Leadership

Pivoting Too Far To SFR? A Red Flag Warning To For-Sale Builders

Short term gains could run lead to long-term pain if builders shift too far from their promise as pathways to owner-occupier access to homeownership.

Leadership

Pivoting Too Far To SFR? A Red Flag Warning To For-Sale Builders

Short term gains could run lead to long-term pain if builders shift too far from their promise as pathways to owner-occupier access to homeownership.

March 15th, 2022
Pivoting Too Far To SFR? A Red Flag Warning To For-Sale Builders
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Homebuilders and their partners face a dos and don'ts challenge.

Do ... relentlessly continue to work make new homes and communities for buyers of varying payment power to strive and achieve the dream of homeownership

Don't ... detach business goals and operational models from an essential promise to make that dream attainable as a core strategic principle.

This is a reflection at a critical moment, on the eve of the Federal Reserve's vaunted "lift off."

One macro assessment worth taking a look at – from the Harvard Business Review – notes:

An enormous humanitarian atrocity in Europe has triggered an unpredictable global financial and economic conflict that will see consequences ricochet. Though new risks have emerged, and uncertainty is higher, at present the main impact of the crisis on the U.S. economy is the exacerbation of existing pressures and risks. The path of inflation, and the policies to contain it, remain the main threat to the cycle.

Pressures and risks telescope in their impact, as well as their capability to be resilient: the world, the U.S., regions, companies, localities, and households.

For homebuilders and their partners, do and don't challenges hinge on who they are as companies, and who they want to continue to be. That is their choice, obviously, and that is up to their leaders to resolve.

Up to and through the 2020s, new home and community builders have won deserved recognition as platforms that empower people to earn their way to upward mobility, part of that reflected in homeownership.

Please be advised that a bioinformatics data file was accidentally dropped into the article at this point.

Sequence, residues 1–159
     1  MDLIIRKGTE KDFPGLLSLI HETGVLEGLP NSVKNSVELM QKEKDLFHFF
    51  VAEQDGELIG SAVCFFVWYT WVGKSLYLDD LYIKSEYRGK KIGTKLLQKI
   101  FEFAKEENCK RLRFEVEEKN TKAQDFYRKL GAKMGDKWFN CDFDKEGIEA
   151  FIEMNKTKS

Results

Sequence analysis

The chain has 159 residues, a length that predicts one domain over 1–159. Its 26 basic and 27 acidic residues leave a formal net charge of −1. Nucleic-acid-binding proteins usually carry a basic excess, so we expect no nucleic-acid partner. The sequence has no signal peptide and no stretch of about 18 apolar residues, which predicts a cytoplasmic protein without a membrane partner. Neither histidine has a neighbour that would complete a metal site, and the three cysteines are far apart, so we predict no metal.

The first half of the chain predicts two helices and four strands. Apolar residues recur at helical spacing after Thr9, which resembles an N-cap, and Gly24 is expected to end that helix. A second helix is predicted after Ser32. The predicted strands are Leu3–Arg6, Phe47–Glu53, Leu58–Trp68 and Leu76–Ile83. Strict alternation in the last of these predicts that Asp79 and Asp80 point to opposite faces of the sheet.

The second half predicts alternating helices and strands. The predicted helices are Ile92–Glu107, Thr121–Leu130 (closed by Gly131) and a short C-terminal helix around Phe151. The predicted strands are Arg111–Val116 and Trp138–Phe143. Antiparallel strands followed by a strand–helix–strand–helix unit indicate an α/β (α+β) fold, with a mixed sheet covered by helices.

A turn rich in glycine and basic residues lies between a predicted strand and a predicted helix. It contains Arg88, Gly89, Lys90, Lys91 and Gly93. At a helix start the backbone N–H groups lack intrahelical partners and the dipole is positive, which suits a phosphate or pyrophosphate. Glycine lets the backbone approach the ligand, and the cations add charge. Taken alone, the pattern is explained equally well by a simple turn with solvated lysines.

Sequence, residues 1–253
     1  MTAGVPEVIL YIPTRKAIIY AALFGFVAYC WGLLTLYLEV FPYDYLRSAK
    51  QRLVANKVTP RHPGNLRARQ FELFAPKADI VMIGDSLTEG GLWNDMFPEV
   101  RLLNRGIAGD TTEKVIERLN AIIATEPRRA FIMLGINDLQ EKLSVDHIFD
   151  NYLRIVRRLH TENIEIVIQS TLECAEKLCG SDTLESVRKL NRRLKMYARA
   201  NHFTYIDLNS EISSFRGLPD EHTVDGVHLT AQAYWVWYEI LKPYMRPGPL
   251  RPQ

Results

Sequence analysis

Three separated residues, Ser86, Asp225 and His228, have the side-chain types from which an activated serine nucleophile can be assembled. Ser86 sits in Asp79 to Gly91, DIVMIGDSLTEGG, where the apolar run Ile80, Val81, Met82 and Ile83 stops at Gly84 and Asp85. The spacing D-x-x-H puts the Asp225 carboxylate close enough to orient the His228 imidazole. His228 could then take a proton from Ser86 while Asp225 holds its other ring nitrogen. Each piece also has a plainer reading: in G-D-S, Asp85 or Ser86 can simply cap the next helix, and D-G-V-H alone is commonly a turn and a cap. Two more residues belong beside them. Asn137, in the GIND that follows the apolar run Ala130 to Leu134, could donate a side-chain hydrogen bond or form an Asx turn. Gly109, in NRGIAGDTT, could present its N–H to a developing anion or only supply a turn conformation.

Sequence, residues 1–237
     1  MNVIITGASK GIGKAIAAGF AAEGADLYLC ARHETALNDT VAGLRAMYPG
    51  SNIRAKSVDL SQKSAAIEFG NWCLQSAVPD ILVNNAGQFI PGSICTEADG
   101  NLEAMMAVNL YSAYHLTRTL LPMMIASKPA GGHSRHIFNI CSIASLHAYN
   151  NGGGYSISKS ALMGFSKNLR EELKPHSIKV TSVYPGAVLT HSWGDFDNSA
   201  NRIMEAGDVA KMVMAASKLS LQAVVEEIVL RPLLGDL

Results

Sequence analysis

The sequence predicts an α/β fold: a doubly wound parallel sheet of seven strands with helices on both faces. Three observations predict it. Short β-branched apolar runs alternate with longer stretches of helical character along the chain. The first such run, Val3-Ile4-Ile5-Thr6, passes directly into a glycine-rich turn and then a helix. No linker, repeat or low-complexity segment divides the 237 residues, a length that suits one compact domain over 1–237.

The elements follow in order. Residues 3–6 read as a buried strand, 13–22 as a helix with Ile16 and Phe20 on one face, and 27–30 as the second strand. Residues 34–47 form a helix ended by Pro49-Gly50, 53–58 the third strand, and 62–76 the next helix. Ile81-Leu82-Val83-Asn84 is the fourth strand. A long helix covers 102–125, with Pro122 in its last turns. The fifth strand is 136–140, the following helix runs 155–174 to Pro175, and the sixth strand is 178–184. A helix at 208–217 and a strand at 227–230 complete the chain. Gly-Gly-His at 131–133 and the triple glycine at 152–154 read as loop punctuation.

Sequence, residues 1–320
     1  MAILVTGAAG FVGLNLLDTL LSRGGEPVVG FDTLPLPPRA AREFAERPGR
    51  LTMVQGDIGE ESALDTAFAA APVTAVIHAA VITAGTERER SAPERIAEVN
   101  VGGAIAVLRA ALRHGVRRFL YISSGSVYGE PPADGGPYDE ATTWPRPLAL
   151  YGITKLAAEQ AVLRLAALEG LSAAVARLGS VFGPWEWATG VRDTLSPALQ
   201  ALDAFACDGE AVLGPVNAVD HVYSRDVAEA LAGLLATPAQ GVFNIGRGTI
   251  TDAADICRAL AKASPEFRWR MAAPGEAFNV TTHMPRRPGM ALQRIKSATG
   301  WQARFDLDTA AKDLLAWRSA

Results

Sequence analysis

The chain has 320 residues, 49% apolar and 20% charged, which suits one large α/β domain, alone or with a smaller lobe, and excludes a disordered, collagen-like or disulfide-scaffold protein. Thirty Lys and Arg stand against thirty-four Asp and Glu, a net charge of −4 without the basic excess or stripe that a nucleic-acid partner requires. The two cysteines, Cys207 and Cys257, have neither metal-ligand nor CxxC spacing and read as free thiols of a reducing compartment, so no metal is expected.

Three fresh data points help illustrate.

  • U.S. single-family rent growth increased 12.6% in January 2022, the fastest year-over-year increase in over 16 years, according to Core Logic.
  • The minimum income required to purchase a $150,000 home is $36,074.  In 2022, about 36 million households in the U.S. are estimated to have incomes at or below that threshold, according to National Association of Home Builders analysis.
  • The other – less a statistical point than a reality of the market -- is that homebuilders serving as a building-as-a-service to single-family-built-to-rent developers have noted they're getting full retail price for new homes from these big investment backed property developers. Often at greater profitability.

One friend with direct experience in dealing with multiple business stakeholders in real estate and construction notes:

The benefits of building and selling 1000 homes over several years to one or two institutional buyers – rather than 1000 individual homebuyers – have led many small regional builders to abandon – or curtail dramatically– for-sale offerings to absorb more B2R work.

Advantages:

  • Less headaches (home buyers, sales management, marketing, mortgage approvals, etc.)